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How often do we zip down the highway on the way from one destination to another, paying no attention to the interesting places just beyond our sight? This week, I was on my way home but not in any hurry. When I saw the sign for Rock Hawk Effigy, I turned onto the quiet paved road to see what was there.

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I had seen the better-known, and better-preserved Rock Eagle Effigy, located some twenty miles away. This was a chance to see the companion artifact.

Rock Hawk Effigy is in Putnam County in central Georgia, about a dozen miles east of the town of Eatonton, just north of Georgia Highway 16. The site is near Lake Oconee, and is on land maintained by Georgia Power Company.

Take the short hike on this fine sunny day, and see what's out there. Pictures were taken April 1, 2014.

A short paved trail leads to the effigy site.

Trail to Rock Hawk Effigy

Instead of writing a lot of text on a subject I know little about, I'll let the experts who designed the trail markers tell you. I've put some excerpts in blockquotes. Photos are in lightbox mode. Click on images for a better view.

Due to the lack of artifacts in and around the effigy, archaeologists are unsure when the effigy was created. Humans have been in the region a long time, and there is no real consensus on the age of Rock Hawk. Some estimates place the age at around 2,000 years. The Creek Indians inhabited the area when Europeans arrived.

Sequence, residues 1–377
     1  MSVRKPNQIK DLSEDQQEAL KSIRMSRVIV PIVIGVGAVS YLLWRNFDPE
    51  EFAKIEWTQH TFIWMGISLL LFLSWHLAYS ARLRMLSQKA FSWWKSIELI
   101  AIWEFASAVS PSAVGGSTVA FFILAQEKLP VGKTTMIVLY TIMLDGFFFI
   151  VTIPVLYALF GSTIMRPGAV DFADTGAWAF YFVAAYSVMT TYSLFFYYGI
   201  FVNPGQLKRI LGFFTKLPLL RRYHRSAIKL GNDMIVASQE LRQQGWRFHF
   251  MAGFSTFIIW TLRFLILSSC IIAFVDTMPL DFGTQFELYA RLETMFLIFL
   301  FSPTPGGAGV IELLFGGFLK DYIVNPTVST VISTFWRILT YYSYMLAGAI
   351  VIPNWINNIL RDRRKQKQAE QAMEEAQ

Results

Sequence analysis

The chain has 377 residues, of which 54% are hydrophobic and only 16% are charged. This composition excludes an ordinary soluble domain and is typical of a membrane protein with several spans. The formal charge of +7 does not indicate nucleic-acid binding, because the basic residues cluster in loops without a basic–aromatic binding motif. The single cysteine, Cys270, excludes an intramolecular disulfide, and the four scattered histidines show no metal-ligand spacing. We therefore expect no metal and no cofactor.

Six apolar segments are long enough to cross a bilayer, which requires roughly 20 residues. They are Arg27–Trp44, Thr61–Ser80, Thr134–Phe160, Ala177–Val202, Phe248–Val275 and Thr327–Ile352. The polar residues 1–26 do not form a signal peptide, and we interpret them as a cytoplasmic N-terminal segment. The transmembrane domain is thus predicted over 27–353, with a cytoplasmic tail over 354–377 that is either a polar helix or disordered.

marker

By the time Europeans arrived in the area, the Creeks had organized into a confederacy of towns. A large permanent Creek town, called an Italwa, was surrounded by a number of smaller towns called talofas.
marker

The early settlers were not kind to this land. According to the marker:

Much of the topsoil was removed by poor soil conservation practices of planters and small farmers during the early days of cotton agriculture and into the twentieth century. An average of seven inches of topsoil was eroded from this region, and major gullies formed in places where soft soils were exposed to the intense summer rains.
marker

Rivers often ran red from eroded clay.

Historic ferry, photo from marker

The ground-level view of the effigy just looks like a pile of rocks.

Ground view of Rock Hawk Effigy

Fortunately there is a viewing tower.

Viewing tower, Rock Hawk Effigy

From halfway up, an image begins to take shape.

Rock Hawk Effigy, as seen midway up viewing tower.

From the top of the tower, a clearer picture emerges.

Rock Hawk Effigy, as seen from top of viewing tower.

Unfortunately the location was not preserved over time, and some of the details were lost. Historical drawings contain enough differences that some historians wonder whether there was a second effigy nearby that has been covered up or destroyed.

Historical drawings of Rock Hawk

Here is another view from the tower. The dogwoods are beginning to bloom. The tree on the right with new leaves is a northern red oak. The big leafless tree to the left is a white oak. In the background are shortleaf pines.

View of woods from Rock Hawk viewing tower

A better view of the dogwood, with the obligatory reminder that those white flower "petals" are actually modified leaves.

dogwood in bloom

A holly displays its pricky leaves.

holly tree in foreground

A hiking trail beckons, but I had miles to travel. Perhaps another day.

Foot trail, Rock Hawk Effigy

That's my latest report from middle Georgia. The floor is now open for your comments and observations.



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